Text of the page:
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Montevideo, October 26th 2020 - 13:48 UTC

 

 

Brazilian meat industry confident the situation in China will boost demand for Mercosur poultry and beef

Wednesday, February 5th 2020 - 07:15 UTC
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 “ASF, coronavirus and bird flu influence consumer habits and may drive Chinese demand for Brazilian meat,” Francisco Turra, president of ABPA told the media. “ASF, coronavirus and bird flu influence consumer habits and may drive Chinese demand for Brazilian meat,” Francisco Turra, president of ABPA told the media.

Brazil’s meat industry association ABPA said a “perfect storm” of health and food security concerns in China promises to drive up demand for Mercosur meat, giving Brazilian meatpacker shares a boost.

China reported a new outbreak of bird flu on Saturday while millions of chickens face the prospect of starvation amid a lockdown in Hubei province, near the epicenter of the coronavirus epidemic.

That comes as Chinese meat suppliers are still grappling with the lasting effects of African swine fever (ASF), which decimated a major portion of the country’s pig population.

“ASF, coronavirus and bird flu influence consumer habits and may drive Chinese demand for Brazilian meat,” Francisco Turra, president of ABPA told the media.

“Our representatives in China tell us that there are major concerns over food security.”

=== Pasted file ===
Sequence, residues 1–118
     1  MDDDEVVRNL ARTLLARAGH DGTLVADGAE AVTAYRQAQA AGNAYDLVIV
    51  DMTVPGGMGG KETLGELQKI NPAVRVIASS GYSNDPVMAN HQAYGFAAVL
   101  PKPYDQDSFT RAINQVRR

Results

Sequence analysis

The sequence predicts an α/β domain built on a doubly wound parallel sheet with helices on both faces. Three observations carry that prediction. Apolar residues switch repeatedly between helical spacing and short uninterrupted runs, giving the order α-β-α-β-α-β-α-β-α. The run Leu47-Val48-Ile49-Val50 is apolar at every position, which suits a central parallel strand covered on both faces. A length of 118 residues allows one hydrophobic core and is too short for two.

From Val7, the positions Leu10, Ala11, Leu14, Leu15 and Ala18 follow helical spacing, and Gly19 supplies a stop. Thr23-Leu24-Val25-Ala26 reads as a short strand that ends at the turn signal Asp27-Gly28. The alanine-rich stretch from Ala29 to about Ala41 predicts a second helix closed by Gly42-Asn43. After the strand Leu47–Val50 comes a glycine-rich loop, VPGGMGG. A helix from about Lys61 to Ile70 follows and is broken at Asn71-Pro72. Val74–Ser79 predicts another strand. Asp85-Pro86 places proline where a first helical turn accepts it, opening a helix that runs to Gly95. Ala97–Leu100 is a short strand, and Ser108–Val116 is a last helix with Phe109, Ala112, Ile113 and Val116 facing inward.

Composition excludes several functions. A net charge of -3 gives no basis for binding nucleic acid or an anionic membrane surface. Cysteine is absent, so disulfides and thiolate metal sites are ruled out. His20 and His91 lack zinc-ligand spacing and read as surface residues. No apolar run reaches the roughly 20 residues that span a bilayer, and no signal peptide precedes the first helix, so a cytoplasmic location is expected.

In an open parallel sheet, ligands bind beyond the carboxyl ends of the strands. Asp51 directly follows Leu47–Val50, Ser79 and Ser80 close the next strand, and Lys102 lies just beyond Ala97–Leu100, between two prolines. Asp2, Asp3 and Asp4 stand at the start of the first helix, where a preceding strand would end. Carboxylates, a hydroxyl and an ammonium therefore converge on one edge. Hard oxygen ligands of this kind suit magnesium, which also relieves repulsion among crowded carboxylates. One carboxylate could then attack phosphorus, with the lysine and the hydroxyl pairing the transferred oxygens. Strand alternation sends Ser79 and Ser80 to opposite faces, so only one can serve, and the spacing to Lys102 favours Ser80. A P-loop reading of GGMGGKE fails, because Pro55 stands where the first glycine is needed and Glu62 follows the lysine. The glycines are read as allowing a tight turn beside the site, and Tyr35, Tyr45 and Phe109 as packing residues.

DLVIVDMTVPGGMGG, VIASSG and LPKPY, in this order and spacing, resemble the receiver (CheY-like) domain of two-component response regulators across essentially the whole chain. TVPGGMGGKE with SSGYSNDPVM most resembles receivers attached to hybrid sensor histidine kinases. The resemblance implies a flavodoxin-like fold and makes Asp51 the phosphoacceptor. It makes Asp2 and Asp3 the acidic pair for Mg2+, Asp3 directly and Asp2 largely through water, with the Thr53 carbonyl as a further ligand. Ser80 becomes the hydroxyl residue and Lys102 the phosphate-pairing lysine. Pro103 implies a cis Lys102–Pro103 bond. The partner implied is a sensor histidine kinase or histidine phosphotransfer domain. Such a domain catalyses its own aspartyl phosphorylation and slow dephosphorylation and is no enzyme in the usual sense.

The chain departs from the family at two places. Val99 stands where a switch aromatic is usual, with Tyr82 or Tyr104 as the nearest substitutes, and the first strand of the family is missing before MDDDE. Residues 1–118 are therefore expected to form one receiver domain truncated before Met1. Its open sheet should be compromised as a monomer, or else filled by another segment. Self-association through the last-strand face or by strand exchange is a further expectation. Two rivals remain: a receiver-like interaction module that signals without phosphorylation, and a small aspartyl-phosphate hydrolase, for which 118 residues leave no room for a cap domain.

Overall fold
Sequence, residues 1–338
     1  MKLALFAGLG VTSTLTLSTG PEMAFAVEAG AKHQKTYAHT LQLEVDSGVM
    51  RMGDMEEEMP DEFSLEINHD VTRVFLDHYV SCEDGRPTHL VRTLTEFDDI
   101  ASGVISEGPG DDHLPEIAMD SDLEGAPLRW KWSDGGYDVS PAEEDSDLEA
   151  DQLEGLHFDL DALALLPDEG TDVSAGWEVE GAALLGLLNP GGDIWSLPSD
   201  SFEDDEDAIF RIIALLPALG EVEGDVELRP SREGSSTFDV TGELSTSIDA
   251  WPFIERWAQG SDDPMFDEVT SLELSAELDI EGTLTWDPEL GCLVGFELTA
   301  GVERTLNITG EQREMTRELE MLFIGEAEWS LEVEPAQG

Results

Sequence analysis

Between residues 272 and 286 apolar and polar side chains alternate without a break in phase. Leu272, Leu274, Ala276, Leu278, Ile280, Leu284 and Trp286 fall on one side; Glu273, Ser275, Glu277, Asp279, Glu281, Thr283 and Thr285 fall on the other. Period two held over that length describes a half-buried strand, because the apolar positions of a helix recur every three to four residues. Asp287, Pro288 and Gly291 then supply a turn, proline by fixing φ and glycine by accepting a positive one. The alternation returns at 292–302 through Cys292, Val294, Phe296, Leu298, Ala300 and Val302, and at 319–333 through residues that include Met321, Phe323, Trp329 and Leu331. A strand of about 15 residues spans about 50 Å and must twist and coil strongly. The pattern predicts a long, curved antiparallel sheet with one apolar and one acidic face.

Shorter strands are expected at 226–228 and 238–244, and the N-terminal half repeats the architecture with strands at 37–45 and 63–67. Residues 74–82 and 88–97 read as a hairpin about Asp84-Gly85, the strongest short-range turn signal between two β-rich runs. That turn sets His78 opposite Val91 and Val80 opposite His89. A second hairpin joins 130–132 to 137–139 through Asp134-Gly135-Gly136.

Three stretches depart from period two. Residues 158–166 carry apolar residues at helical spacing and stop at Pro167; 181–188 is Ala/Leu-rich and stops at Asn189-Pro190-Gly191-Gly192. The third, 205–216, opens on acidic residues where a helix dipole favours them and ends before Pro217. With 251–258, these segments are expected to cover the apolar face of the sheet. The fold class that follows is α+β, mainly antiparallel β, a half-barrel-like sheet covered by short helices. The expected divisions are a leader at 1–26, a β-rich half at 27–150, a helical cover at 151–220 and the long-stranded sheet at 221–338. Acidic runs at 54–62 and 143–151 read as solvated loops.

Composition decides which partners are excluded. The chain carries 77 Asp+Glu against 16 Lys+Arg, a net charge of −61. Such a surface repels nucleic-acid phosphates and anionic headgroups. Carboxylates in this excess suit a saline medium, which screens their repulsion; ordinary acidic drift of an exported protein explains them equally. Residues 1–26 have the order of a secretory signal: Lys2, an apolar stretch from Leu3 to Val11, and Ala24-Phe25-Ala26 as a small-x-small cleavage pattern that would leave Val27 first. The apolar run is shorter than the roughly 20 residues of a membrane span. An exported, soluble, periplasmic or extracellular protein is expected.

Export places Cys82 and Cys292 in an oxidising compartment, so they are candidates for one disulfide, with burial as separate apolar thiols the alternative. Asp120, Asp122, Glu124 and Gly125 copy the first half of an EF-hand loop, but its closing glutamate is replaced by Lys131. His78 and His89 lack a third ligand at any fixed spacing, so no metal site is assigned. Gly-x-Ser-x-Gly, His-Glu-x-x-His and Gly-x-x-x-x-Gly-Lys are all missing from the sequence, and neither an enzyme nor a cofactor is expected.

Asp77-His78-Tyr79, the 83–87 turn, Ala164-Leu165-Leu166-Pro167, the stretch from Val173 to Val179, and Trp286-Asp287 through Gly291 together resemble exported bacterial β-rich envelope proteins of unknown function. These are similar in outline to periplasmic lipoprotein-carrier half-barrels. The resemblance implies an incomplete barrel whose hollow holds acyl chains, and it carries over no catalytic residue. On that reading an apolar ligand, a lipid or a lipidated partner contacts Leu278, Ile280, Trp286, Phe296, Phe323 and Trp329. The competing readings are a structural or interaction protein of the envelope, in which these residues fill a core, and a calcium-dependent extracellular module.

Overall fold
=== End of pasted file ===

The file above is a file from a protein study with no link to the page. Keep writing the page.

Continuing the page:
Brazil stands to benefit as a safe source of meat, having never had a case of bird flu or African swine fever, he added.

Brazil has capacity to step in to cater to at least some of the additional Chinese demand for imported poultry, having processed some 6 billion birds last year, Turra said.

Shares in the world’s largest chicken exporter, BRF SA, rose 6% in São Paulo trading before paring gains to 3.4%, while shares of rival JBS SA rose 3.7% before falling back to 2%.

Hubei’s poultry association forecasted that the lockdown of the province threatened more than 300 million chickens due to an imminent shortage of feed.

Turra said the threat comes as China has been trying to increase local poultry output to substitute for pork, whose production has suffered due to swine fever.

Before the problems associated with the coronavirus and bird flu, China had been expected to produce some 12 million tons of chicken this year and Brazil around 14 million tons, Turra said.

Last year, Chinese imports of Brazilian chicken rose 34% while its imports of Brazilian pork jumped 61%, according to ABPA figures.

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